At the other end of the arc of influence is the Gulf and uncertainty with reference to Iran and commitment to Israel finds due reference. The primary partners herein would be the Gulf countries. Recent US arms sales to Saudi Arabia and United Arab Emirates go on to strengthen this relationship. India’s significance virtually at the mouth of the Persian Gulf once again underlines the importance to overall US strategy in West Asia. Counter terrorism is another vector with the current base in West and South West Asia for increased security engagement between the US and India in the future. In terms of the global commons, freedom of the seas, space and cyber space again call for a joint approach.

Set against this backdrop 10 primary missions for the Joint Force has been envisaged. Most importantly the first one remains, “Counter Terrorism and Irregular Warfare,” with preventing Afghanistan falling to a safe haven for terrorists in the future continuing to be a prime goal. This sets the stage for a semi permanent presence of US forces in that country and a strategic agreement to that effect is being worked out as is indicative from reports in the recent past.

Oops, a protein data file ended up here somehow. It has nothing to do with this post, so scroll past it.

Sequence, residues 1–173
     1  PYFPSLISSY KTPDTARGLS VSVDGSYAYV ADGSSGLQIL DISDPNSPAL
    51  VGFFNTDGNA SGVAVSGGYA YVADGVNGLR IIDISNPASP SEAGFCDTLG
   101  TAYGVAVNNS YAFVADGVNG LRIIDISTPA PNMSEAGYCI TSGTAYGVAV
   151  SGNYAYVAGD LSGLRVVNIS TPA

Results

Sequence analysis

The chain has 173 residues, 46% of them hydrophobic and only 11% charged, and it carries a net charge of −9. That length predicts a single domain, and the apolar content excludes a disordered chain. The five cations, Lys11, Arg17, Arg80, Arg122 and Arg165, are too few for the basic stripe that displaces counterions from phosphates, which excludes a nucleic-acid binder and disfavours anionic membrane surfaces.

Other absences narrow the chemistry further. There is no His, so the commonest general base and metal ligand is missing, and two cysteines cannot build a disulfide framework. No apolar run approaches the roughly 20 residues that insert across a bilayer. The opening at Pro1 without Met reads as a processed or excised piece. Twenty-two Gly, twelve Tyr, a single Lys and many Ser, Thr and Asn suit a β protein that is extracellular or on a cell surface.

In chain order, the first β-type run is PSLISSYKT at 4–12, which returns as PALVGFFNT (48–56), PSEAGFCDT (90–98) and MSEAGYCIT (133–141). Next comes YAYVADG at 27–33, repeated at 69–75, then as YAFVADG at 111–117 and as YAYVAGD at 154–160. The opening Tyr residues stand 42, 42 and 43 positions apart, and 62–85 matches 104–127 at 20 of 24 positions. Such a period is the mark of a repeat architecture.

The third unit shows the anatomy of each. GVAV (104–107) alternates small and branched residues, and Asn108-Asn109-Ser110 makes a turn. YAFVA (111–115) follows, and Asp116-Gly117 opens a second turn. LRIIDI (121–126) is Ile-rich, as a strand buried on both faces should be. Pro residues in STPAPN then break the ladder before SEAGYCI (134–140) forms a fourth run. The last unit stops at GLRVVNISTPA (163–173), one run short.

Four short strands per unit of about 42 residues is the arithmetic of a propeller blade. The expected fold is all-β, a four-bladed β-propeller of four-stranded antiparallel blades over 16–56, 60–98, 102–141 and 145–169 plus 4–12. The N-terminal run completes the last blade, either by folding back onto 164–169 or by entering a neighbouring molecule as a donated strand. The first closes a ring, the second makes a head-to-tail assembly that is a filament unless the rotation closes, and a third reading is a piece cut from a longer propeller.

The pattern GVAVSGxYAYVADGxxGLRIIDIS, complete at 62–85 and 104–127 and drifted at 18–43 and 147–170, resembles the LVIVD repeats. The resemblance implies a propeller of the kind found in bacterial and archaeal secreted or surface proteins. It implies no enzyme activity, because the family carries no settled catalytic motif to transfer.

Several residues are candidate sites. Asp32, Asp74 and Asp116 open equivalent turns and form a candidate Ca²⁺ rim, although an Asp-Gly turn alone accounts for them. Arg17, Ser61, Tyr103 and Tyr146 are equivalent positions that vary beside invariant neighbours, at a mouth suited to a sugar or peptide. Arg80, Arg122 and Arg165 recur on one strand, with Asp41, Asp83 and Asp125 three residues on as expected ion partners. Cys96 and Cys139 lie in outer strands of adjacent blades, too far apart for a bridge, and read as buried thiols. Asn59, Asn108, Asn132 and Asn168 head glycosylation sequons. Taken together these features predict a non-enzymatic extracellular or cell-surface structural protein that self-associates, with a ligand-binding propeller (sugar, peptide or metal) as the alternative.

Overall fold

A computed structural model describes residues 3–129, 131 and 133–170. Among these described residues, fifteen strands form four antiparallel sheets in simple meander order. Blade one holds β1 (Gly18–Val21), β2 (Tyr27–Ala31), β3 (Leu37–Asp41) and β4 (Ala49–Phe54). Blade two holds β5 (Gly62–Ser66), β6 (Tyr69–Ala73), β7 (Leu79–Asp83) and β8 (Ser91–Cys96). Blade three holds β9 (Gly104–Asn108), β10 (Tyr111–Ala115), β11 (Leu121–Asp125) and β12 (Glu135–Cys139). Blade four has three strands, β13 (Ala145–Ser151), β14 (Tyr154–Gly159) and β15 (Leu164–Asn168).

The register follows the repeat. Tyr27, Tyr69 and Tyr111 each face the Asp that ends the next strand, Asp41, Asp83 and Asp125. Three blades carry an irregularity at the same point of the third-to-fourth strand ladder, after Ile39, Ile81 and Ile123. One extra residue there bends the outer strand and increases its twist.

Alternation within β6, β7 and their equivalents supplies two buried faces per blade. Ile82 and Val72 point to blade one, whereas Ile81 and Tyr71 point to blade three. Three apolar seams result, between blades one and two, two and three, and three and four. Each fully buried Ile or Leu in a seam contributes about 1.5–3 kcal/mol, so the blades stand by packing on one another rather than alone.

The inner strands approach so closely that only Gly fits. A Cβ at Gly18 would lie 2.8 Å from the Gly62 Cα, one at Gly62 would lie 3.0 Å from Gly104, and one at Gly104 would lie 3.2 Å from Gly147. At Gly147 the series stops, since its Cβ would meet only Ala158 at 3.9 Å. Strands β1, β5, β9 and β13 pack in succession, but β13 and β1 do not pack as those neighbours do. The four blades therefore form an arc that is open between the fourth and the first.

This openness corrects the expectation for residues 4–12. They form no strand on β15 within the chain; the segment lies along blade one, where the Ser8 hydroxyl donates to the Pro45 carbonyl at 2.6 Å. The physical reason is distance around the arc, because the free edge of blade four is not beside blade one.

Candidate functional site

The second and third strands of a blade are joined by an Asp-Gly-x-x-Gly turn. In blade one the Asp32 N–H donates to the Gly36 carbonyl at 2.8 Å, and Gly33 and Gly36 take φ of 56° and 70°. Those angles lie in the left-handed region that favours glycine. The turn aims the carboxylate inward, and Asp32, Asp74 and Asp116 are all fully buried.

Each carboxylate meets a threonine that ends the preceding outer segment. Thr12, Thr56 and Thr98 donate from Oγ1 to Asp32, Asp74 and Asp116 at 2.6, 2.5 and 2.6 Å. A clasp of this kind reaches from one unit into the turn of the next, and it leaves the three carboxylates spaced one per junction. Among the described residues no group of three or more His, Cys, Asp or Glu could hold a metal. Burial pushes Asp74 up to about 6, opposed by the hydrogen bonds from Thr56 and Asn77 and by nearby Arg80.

The other active capabilities include, “Deter and Defeat Aggression,” and power projection. In the first dimension US forces are proposed to be designed to deter and defeat an adversary in one region even when committed to a large scale operation elsewhere. Thus a two front potential could be envisaged in the Joint Force, the width and expanse of which could be across the Asia Pacific rather than across the Atlantic or West and South Asia as in the past. Application of the same in multiple domains, land, air, maritime, space and cyber space is also underlined. An intervention capability for, “transition to stable governance,” is also contained in this paradigm.

Of the other active capability of power projection against anti access/area denial or A2/AD, reference of asymmetric capabilities by China and Iran has expectedly raised the ire of Chinese analysts. But more importantly, the type of potential to be developed for power projection undersea and space with a new stealth bomber should be highlighted.